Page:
Michael Stumm: Renegade Engineer

August 31, 2011 07:00 PM
Unabridged Q&A

Michael Stumm is a computer engineering professor at the University of Toronto, self-described "techie" and so much more. He earned a doctorate in computer science from the University of Zurich and holds five patents with several more in the works. He and high school trading buddy Richard Olsen founded forex broker Oanda, a company Stumm heads, that has brought institutional efficiencies to the retail trader. Stumm and Olsen, while both brilliant, simply had the will to do it. He gets downright angry when discussing unfair market practices and the advantages certain players are allowed to maintain over retail participants. We talked to Stumm about technology, innovation, regulation, traders' rights and the future of forex.

Futures Magazine: Michael your background is not typical for a forex broker. Tell us how you became involved with forex trading and creating Oanda..

Michael Stumm: All things are sort of accidents of history. I am a computer engineering professor, so I am a techie type of guy, and Richard Olsen was a high school buddy of mine, and he started an economic research firm that was doing currency forecasting. I advised him on the technological front and as part of that I saw him amass a huge amount of forex price data. At some point back in 1995 I suggested [putting it up on the web]. We wrote a quick application, put it out and traffic started to come to it. That was the first Oanda application. That was around the [time of the] dotcom bubble and it burst in 2000 and we looked ourselves in the mirror and said 'what we do anyone could do, we are just taking data from other people and putting it on the web-- there is no competitive advantage there.' We sort of naively said we should become a broker and put together a forex trading platform so that we could make prices and our prices [would be] legitimate, and that is how we got into forex trading.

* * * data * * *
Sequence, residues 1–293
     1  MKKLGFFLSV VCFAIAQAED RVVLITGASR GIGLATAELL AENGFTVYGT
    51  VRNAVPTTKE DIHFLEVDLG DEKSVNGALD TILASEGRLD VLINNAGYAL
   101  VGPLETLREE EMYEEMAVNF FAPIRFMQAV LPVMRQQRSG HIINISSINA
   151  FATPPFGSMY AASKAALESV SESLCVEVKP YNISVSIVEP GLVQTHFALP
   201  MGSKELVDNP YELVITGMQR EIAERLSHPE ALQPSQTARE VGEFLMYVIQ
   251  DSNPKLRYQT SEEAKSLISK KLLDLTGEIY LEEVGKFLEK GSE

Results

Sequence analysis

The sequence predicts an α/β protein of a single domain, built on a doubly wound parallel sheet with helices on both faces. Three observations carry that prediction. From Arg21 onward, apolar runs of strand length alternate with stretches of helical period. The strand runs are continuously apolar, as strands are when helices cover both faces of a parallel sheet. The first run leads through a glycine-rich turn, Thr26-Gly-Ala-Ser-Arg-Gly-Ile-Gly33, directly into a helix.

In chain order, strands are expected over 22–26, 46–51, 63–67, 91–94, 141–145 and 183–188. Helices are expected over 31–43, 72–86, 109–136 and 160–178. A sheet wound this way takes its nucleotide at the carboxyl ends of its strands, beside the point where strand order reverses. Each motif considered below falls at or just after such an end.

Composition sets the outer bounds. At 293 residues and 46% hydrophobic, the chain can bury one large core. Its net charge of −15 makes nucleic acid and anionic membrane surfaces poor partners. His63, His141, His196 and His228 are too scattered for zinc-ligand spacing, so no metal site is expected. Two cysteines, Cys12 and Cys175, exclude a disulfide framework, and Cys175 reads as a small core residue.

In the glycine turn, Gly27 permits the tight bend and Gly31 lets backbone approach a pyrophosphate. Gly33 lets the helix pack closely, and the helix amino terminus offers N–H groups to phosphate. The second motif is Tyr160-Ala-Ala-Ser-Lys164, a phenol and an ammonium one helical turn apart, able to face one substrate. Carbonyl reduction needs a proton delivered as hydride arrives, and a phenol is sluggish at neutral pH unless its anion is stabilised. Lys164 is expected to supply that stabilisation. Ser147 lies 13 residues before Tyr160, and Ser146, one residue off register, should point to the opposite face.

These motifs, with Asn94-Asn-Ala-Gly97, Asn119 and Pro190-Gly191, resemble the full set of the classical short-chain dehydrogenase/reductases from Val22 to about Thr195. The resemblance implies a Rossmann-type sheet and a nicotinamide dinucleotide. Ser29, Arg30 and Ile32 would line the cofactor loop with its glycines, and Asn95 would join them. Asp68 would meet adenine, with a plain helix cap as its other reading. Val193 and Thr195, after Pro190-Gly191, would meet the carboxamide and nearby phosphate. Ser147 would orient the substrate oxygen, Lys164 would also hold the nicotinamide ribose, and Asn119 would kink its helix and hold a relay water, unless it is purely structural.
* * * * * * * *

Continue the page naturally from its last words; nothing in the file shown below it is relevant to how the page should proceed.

FM: Did you ever consider making a career out of trading? What kind of a trader were you?

MS: I am a terrible trader. You wouldn't want to give me your money to trade. During high school Richard and I traded equities a bit and made a little bit of money. I would say Richard Olsen is much more the trader, I am more the technology guy, I am the one that likes to put together computer systems. The internet and computer revolution, that is where I feel at home. We sort of complement each other pretty well. Richard brings in more the financial engineering aspects and I bring in the computer engineering. It is really that marriage that got us going.

FM: You have chosen to continue teaching and pursuing various other interests since founding your firm. Why is this?

MS: I am an academic at heart; both my parents were academics. The smell of university halls make me feel at home and I have to say that I enjoy teaching. I like interacting with bright young minds, it keeps me young and energized, and a large part of my career is catapulting young people into their career paths. I do that at the University but I also do that at the company. You hire young people and help them build their careers. That is very gratifying. There are advantages in both directions. For hiring technical talent, I can see who the stars are and can direct them toward the company. At the same time, we are faced with a lot of challenging problems and it forces my research to be more practical than theoretical pie-in-the-sky things. It helps me at the University to do research that has a direct impact as opposed to just theoretical stuff. It is a win- win situation.

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About the Author

Editor-in-Chief of Modern Trader, Daniel Collins is a 25-year veteran of the futures industry having worked on the trading floors of both the Chicago Board of Trade and Chicago Mercantile Exchange.